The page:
Most people approach the stock market with an eye
toward making good investments rather than pricing
complicated derivative securities. Mathematics
entered this branch of finance with the work of
Harry Markowitz in 1952, which laid out the groundwork
for a mathematical theory of determining the risk
and expected return associated with a portfolio of stocks.
Perhaps because the mathematics of Markowitz's
*
mean-variance analysis
*
was simple compared
to what is
encountered in derivative securities pricing, Markowitz's
ideas were adopted fairly quickly by asset managers
and became standard fare in MBA programs. Together
with Merton Miller and William Sharpe, Markowitz
won the 1990 Nobel Prize in Economics. However, from
the time Markowitz's ideas first gained acceptance until
about the time the Nobel Prize was awarded,
there was little change in the methods used
for asset management.

By contrast, in recent years we are seeing firms who manage
assets adopt much more sophisticated mathematical
methods. One reason for this is that in addition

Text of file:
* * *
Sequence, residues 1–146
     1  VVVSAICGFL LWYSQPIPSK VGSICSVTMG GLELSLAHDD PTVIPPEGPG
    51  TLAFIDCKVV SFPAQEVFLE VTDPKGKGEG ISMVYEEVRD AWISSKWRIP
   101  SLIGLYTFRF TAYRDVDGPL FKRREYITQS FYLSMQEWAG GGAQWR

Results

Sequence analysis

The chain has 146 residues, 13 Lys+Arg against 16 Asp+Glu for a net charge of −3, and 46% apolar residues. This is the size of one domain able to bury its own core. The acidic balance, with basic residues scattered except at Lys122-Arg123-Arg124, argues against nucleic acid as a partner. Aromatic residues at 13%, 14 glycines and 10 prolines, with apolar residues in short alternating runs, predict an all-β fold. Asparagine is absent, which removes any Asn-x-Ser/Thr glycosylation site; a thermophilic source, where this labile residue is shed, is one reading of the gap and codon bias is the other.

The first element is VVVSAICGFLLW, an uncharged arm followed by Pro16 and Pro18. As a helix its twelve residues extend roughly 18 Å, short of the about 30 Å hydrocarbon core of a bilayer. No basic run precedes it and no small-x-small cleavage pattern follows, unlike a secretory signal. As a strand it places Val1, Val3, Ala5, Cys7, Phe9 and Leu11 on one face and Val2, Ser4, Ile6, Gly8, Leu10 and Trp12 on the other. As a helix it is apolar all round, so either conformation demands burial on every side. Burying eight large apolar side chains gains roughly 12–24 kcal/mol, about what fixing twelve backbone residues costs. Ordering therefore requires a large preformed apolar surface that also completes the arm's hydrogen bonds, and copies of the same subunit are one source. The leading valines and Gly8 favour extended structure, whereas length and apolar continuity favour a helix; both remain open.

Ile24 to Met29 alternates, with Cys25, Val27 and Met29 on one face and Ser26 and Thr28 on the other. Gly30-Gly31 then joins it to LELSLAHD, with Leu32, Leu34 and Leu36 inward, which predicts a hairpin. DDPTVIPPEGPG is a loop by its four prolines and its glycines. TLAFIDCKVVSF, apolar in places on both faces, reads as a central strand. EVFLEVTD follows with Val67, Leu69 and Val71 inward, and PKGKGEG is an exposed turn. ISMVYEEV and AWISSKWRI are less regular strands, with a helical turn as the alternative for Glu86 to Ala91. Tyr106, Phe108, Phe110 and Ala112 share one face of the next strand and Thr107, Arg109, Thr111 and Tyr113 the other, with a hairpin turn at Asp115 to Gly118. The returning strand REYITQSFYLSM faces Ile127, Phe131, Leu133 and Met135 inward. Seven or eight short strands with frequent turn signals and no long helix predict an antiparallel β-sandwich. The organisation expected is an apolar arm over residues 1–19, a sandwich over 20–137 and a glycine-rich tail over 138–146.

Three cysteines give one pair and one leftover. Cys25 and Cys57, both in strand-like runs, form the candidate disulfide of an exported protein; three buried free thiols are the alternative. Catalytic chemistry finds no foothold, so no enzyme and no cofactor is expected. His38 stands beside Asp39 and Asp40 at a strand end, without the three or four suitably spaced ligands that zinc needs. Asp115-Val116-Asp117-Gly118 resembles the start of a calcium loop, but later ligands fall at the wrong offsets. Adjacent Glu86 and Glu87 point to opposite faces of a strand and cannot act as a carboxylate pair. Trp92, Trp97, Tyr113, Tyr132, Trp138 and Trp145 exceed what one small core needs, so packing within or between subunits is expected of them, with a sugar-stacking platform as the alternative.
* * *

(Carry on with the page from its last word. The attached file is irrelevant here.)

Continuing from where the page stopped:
to stocks and bonds, there are now a whole host of
derivative securities that can be used for investment,
but in order to invest wisely in these securities,
one must understand them.
Another reason seems to be that many people
who began their careers pricing and trading derivative
securities are now moving into asset management and
applying the same level of mathematical modeling.
Some of these people begin
*
hedge funds,
*
who use investors' money and mathematical models
to construct complex portfolios that isolate particular
exposures to market movements.
David Tepper, for whom the Tepper School of Business
is named, founded and directs the hedge fund
Appaloosa Management.

⇐ Back | Next ⇒ |